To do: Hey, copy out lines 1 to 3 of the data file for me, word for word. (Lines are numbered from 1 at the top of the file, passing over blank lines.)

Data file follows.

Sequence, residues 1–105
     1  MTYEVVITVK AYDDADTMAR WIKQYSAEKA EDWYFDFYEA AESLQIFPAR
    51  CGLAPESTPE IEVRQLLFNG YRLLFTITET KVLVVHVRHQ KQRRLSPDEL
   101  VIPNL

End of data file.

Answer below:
Sequence, residues 1–105
     1  MTYEVVITVK AYDDADTMAR WIKQYSAEKA EDWYFDFYEA AESLQIFPAR
    51  CGLAPESTPE IEVRQLLFNG YRLLFTITET KVLVVHVRHQ KQRRLSPDEL